After the Fall, Man’s response to sin is fleeting—a half measure.
When the serpent deceived Eve, and she ate—when Adam listened to the voice of his wife, and he ate: “The eyes of both were opened, and they knew that they were naked. And they sewed fig leaves together and made themselves loincloths” (cf. Genesis 3:7).
Fig leaves don’t last, and neither do Man’s attempts to cover sin.
Then, God intervenes.
He speaks to the serpent, promising to crush its head. He speaks to the woman and to the man, informing them of what life will be like now that sin had entered the world. And then: “The Lord God made for Adam and for his wife garments of skins and clothed them” (Genesis 3:21). Animal skins last, but notice—God didn’t make them out of nothing, like He did the rest of Creation. He made them garments—of skins—from skins—from one of the animals.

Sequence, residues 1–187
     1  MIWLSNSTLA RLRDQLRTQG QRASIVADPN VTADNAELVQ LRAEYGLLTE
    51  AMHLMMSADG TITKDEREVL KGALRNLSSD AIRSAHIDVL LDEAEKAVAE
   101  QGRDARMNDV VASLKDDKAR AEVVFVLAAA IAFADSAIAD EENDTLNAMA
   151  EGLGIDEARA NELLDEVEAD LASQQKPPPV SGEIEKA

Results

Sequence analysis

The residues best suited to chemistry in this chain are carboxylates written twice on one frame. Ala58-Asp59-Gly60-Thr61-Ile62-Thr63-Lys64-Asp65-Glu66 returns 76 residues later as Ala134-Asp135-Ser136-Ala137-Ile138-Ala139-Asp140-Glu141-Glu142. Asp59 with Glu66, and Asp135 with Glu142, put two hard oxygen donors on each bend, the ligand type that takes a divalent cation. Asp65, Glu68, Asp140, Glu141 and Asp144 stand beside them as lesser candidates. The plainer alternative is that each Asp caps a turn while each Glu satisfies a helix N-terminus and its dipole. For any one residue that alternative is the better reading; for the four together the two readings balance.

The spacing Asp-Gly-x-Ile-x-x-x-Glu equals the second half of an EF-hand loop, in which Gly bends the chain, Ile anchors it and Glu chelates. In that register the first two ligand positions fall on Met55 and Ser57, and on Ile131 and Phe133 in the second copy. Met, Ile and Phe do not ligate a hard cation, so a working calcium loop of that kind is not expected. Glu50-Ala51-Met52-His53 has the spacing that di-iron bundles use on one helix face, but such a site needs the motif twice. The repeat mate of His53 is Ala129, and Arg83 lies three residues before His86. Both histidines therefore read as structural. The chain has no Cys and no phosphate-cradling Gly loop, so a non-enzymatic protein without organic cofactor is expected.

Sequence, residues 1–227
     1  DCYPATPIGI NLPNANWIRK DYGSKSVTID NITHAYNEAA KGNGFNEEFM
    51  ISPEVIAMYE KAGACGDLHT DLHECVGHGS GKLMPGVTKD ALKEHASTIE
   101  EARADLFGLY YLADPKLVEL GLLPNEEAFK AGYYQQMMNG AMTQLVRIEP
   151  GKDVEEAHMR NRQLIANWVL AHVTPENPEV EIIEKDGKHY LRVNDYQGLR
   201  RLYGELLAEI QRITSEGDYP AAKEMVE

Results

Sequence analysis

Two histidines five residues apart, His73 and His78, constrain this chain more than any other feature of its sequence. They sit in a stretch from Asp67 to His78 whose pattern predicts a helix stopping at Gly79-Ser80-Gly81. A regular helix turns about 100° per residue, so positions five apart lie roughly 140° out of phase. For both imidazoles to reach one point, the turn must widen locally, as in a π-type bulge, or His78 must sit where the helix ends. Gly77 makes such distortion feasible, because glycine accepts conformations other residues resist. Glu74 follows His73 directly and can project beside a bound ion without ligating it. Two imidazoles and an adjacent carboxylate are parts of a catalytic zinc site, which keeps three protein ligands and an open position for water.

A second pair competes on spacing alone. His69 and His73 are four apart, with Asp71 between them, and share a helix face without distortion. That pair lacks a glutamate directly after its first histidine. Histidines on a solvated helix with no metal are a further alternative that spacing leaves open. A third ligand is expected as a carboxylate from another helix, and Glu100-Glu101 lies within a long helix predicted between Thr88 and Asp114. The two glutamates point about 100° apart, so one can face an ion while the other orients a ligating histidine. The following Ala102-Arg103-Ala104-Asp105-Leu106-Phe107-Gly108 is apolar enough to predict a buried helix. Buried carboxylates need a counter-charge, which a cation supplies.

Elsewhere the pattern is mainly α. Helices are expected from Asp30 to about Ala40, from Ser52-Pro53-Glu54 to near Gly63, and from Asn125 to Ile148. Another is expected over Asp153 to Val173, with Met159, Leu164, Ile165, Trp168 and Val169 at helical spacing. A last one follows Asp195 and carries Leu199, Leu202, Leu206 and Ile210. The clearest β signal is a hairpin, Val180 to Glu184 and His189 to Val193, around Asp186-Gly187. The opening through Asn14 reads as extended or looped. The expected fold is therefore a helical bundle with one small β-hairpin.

This first bloodshed and first sacrifice foreshadows the day when the Seed of the woman crushes the serpent’s head as He sheds His blood and covers the sin and wretchedness of Man—not in a fleeting way and not a half measure but once and for all.
Man would make the bad thing go away.
Out of sight is out of mind, but that’s not peace.
God forgives the iniquity and remembers the sin no more (cf. Isaiah 43:25), and what God does lasts.
In the 1928 folk song, “Big Rock Candy Mountain,” the hobo’s idea of paradise is a great example of Man’s attempt to ignore sin without having it forgiven.
“In the Big Rock Candy Mountains / All the cops have wooden legs / And the bulldogs all have rubber teeth / And the hens lay soft-boiled eggs…